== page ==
As a member of the tamarin species, the Emperor Tamarin is known to stand out due to one of its subspecies’ bearded chin forms, but its black-chinned subspecies is also known to have its own unique set of Emperor Tamarin traits and characteristics.
Found in the eastern portions of Peru, west of the Amazonas and Acre in Brazil and north of Bolivia, the Emperor Tamarin is essentially native to the Southwestern Amazon Basin, with its name alleged to have been taken after Emperor Wilhelm II of Germany, who is described to mirror the general looks of Emperor Tamarins.
Sporting a grey-hued coat that is matched with yellowish spots on its chest, it is the Emperor Tamarin’s beard which really stands out, which is generally white hued and typically growing long enough to lengths which go beyond its shoulders.
Typically found deep in rain forests, the Emperor Tamarin spends a lot of its time up on trees, known to be diurnal with the ability to walk or run on its four limbs. Like most tamarins, they live in groups typically consisting somewhere between two to eight members, and are even known to take in other tamarins species like the Brown-Mantled Tamarin as members of certain groups.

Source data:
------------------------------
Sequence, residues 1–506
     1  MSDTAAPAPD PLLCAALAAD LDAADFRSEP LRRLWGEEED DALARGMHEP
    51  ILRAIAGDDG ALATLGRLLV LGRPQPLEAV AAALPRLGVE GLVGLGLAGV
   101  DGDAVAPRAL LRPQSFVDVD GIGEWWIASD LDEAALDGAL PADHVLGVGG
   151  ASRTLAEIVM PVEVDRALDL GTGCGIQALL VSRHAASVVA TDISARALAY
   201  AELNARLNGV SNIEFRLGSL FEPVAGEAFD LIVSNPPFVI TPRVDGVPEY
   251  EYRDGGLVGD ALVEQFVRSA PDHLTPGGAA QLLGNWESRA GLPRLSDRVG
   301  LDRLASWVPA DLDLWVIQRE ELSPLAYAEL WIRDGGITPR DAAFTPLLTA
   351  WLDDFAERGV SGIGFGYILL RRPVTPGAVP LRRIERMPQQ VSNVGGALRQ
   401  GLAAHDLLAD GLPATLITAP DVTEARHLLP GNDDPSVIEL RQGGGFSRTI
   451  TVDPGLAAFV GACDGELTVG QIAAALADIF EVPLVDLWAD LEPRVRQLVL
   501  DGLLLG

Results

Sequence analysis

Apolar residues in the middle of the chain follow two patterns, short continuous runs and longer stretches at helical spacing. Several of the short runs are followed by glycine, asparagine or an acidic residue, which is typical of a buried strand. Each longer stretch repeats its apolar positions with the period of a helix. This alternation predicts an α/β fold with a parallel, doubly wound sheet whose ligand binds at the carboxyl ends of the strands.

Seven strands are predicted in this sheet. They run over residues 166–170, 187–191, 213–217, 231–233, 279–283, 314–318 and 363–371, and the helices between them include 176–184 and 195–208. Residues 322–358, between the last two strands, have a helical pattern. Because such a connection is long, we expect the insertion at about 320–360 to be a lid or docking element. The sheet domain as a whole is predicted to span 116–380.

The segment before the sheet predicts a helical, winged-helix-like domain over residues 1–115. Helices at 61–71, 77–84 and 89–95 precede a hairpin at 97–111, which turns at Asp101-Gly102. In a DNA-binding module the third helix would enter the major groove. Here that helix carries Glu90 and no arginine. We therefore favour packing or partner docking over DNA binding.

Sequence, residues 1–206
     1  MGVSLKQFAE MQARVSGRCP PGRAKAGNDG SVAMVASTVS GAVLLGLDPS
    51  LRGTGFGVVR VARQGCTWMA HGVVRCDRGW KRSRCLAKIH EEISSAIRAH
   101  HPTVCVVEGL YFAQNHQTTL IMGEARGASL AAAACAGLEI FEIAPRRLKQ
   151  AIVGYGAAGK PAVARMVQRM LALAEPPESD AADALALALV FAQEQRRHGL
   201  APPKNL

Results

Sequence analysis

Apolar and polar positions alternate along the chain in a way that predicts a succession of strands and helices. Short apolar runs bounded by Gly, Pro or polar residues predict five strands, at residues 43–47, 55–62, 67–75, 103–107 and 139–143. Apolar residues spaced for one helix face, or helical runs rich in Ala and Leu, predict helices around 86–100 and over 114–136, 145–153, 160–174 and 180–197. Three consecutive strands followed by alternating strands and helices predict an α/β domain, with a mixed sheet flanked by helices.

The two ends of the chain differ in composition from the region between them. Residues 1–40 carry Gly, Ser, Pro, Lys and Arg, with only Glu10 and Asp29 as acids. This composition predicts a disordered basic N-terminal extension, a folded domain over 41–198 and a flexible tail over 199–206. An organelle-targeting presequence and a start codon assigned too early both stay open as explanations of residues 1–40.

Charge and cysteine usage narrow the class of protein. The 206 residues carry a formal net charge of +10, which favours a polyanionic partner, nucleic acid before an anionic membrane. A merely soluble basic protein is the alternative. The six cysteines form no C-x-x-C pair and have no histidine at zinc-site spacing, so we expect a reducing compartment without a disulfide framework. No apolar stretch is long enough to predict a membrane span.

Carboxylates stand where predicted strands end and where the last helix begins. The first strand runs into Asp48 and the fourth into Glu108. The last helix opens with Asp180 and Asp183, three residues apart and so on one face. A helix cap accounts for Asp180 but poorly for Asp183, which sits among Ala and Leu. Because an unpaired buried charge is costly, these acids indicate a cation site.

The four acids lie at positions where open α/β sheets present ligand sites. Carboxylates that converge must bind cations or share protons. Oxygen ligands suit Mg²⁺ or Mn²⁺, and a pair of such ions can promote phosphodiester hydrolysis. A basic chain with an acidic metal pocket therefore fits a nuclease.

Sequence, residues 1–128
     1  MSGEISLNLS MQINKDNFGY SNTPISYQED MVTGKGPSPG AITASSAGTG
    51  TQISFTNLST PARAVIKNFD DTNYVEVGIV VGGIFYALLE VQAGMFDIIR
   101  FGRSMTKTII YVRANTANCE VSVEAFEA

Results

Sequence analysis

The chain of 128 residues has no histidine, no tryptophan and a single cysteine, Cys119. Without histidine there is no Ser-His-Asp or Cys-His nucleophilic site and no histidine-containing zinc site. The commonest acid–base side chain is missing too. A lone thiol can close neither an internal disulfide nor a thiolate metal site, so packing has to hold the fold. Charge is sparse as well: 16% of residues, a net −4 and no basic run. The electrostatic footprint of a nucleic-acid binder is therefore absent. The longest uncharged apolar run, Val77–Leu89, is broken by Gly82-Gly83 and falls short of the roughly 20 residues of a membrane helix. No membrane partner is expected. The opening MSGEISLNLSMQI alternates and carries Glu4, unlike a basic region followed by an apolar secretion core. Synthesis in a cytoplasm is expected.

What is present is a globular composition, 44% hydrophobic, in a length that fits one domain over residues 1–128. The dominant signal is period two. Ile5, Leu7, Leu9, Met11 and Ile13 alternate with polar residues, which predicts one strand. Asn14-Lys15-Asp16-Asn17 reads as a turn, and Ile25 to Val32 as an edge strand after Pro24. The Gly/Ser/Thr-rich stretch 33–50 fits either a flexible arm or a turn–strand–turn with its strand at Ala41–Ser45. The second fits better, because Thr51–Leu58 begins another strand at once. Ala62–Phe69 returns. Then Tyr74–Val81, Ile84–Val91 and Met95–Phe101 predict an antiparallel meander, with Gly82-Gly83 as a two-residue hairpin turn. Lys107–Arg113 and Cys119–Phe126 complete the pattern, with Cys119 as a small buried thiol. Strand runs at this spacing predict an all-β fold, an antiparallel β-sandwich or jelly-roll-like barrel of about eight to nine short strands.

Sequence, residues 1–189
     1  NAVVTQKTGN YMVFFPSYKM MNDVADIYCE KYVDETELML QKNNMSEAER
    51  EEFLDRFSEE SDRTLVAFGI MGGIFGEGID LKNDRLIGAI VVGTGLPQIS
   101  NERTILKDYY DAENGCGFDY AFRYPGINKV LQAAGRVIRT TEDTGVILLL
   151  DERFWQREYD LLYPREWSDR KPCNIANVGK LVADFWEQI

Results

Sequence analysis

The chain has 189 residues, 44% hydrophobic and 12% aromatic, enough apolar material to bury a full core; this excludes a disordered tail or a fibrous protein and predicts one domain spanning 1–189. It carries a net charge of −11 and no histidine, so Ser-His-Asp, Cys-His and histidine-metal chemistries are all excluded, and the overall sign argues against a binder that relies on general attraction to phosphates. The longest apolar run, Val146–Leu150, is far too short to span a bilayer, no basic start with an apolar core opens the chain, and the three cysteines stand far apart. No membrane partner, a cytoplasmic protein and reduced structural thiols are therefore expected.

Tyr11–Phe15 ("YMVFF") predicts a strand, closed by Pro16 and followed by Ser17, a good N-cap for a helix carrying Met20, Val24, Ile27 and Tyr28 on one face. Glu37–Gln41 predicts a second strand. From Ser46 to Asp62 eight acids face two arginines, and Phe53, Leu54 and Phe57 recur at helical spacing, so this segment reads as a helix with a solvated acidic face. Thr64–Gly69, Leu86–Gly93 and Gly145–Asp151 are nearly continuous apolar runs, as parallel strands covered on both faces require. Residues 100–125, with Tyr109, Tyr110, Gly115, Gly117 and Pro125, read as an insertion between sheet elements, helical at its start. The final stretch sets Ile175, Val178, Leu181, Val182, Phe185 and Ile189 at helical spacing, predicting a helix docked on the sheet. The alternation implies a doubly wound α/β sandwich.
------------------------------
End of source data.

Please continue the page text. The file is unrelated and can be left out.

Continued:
One interesting thing about Emperor Tamarin groups, apart from the fact that they aren’t “exclusive” only to Emperor Tamarin species, is that it is the oldest female that stands as a group’s leader, not the male.
Also, apart from their unique group hierarchy setup, Emperor Tamarins are known to have their own set of “cries”, each set to effectively identify potential threats and dangers.
Smart and highly organized, the Emperor Tamarin truly stands out as one of the world’s unique creatures of the jungle.
The Emperor Tamarin Video